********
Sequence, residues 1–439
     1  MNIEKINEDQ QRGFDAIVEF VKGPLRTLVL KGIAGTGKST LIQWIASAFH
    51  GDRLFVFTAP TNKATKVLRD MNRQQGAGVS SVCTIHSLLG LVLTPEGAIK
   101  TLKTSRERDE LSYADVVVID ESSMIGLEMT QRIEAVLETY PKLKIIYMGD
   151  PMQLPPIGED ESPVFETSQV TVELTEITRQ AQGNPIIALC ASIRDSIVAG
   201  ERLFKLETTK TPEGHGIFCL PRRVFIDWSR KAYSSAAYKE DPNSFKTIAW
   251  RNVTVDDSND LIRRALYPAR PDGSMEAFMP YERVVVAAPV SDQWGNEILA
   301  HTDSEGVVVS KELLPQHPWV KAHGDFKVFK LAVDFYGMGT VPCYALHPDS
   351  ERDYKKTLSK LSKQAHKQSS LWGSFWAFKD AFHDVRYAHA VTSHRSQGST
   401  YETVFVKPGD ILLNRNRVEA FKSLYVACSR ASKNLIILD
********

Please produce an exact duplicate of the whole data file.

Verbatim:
Sequence, residues 1–439
     1  MNIEKINEDQ QRGFDAIVEF VKGPLRTLVL KGIAGTGKST LIQWIASAFH
    51  GDRLFVFTAP TNKATKVLRD MNRQQGAGVS SVCTIHSLLG LVLTPEGAIK
   101  TLKTSRERDE LSYADVVVID ESSMIGLEMT QRIEAVLETY PKLKIIYMGD
   151  PMQLPPIGED ESPVFETSQV TVELTEITRQ AQGNPIIALC ASIRDSIVAG
   201  ERLFKLETTK TPEGHGIFCL PRRVFIDWSR KAYSSAAYKE DPNSFKTIAW
   251  RNVTVDDSND LIRRALYPAR PDGSMEAFMP YERVVVAAPV SDQWGNEILA
   301  HTDSEGVVVS KELLPQHPWV KAHGDFKVFK LAVDFYGMGT VPCYALHPDS
   351  ERDYKKTLSK LSKQAHKQSS LWGSFWAFKD AFHDVRYAHA VTSHRSQGST
   401  YETVFVKPGD ILLNRNRVEA FKSLYVACSR ASKNLIILD